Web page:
You may have noticed that I’ve had a few posts recently featuring shots taken with a Rollei B35, which has become my favourite 35mm camera, at least for the time being. In fact it might even be my favourite camera in any format – 35mm, 120, or 4×5.
That doesn’t mean it produces the best image quality – for from it. But I like the fact that it can be easily carried out and made ready to shoot with the minumum of fuss – the opposite of my Intrepid 4×5, even though that can produce the highest technical quality of any of my camera.
The B35 was the most basic of all the scale-focus 35mm models that Rollei produces. The 40mm Triotar lens is often criticised for being less sharp than the Tessars and Sonnars on other models. But I quite like the soft glow I get from some of my Rollei B35 shots, and if I want a sharper result I could pick another camera.
The camera features a selenium-cell uncoupled meter and requires no batteries, even for metering. That’s a plus point for me because I tire of cameras with batteries that chew up batteries fast then die. Of course, the selenium cell on a camera that’s nearly 50 years ago, has a high probability of being wildy inaccurate. When I bought the camera I didn’t even check the meter because I didn’t expect it to work.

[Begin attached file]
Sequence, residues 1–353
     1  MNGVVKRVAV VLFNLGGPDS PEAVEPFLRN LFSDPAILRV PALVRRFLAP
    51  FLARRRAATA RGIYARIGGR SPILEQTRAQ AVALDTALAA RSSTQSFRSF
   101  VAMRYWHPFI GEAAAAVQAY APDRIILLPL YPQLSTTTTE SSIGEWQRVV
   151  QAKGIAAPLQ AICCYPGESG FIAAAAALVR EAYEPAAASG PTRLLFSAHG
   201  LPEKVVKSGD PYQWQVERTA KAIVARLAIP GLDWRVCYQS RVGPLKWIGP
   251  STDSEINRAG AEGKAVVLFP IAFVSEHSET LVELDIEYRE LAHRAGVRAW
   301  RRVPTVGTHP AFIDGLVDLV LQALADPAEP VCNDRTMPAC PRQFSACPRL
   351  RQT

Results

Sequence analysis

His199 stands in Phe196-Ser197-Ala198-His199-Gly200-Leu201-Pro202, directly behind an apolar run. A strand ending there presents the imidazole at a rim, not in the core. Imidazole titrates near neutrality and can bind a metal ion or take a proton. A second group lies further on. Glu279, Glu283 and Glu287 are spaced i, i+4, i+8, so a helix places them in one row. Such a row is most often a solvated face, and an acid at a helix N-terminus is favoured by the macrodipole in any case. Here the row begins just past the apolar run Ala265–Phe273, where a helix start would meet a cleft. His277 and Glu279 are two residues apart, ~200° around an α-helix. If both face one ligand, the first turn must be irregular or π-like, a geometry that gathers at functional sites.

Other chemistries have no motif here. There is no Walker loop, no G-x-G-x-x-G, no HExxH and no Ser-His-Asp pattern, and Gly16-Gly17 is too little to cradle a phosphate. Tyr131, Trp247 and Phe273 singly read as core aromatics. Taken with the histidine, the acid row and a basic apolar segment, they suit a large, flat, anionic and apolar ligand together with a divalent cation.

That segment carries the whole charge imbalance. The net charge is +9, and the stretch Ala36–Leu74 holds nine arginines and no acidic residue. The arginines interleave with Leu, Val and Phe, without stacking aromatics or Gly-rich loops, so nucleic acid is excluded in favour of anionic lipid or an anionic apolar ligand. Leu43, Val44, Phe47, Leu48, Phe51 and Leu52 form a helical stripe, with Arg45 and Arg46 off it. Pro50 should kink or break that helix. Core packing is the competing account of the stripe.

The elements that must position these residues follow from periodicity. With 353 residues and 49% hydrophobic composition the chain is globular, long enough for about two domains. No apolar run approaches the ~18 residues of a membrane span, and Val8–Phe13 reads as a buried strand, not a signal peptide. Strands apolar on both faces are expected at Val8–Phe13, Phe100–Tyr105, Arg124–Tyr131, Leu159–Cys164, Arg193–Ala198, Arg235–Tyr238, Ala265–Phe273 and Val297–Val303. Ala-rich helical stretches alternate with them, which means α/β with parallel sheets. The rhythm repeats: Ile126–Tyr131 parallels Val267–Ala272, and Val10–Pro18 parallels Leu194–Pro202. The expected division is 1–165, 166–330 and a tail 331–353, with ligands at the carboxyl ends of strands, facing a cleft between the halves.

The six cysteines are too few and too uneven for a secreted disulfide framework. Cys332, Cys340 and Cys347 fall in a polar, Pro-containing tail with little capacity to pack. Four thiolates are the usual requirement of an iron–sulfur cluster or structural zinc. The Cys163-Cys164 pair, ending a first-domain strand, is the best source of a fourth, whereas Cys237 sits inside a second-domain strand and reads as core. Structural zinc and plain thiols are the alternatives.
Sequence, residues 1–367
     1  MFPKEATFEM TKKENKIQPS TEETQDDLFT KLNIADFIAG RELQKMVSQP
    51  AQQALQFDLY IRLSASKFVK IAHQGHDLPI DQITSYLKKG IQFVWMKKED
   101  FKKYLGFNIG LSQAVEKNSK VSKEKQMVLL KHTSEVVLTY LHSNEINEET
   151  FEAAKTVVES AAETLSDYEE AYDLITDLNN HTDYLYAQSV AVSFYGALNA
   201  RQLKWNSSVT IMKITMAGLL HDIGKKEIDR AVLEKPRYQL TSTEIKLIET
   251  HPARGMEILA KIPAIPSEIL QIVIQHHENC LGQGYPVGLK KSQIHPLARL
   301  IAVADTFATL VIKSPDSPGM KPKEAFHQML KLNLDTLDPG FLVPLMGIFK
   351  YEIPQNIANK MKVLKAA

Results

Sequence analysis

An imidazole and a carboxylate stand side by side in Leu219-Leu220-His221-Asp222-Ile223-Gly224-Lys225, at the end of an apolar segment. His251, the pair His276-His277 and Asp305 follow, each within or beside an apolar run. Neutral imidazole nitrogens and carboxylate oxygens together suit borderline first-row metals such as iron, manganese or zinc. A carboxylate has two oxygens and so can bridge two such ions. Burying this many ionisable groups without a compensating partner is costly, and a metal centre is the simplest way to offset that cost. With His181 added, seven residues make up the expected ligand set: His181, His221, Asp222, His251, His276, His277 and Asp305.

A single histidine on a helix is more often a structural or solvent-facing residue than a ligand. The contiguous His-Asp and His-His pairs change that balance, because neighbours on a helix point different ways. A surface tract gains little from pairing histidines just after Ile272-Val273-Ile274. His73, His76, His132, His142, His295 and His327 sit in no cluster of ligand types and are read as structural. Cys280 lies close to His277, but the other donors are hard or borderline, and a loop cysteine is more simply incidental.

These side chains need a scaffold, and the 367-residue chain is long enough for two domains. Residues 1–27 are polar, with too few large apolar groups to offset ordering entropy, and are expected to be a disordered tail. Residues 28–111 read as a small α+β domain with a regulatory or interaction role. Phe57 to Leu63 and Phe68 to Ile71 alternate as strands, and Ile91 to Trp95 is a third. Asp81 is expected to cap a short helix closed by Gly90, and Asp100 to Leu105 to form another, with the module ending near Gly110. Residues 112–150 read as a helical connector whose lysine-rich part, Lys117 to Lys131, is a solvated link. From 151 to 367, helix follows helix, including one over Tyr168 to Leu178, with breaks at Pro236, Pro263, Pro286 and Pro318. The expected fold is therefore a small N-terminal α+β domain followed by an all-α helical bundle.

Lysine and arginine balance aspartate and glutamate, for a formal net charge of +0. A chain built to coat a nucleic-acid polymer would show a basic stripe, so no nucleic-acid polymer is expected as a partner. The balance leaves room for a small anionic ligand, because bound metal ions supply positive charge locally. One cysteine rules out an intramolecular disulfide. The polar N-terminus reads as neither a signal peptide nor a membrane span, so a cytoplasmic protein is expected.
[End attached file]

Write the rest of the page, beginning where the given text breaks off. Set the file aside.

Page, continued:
In fact the meter gives readings that compare very closely with other cameras and with my Sekonic spot meter. All of the shots shown here, here, and here were metered with the B35’s built-in meter. However when I took the shots in this post, at Skipton Castle, I had with me the Sekonic spot meter (because I was also shooting Velvia in a Yashicamat) and I’m fairly sure I used the spot meter, at least for the internal shots which had a wide light range from the shadowed stone walls to the scene through the windows. At least, that would have been the sensible thing to do.
At the time I was doubtful how well the camera and film would cope with the dynamic range; but when I scanned the Ilford FP4+ negatives I was amazed at how well detail was held within the highlights and the shadows.
I bought a 30 metre bulk roll of FP4+ recently so I think there’s going to be FP4+ loaded constantly in the Rollei B35 for a while.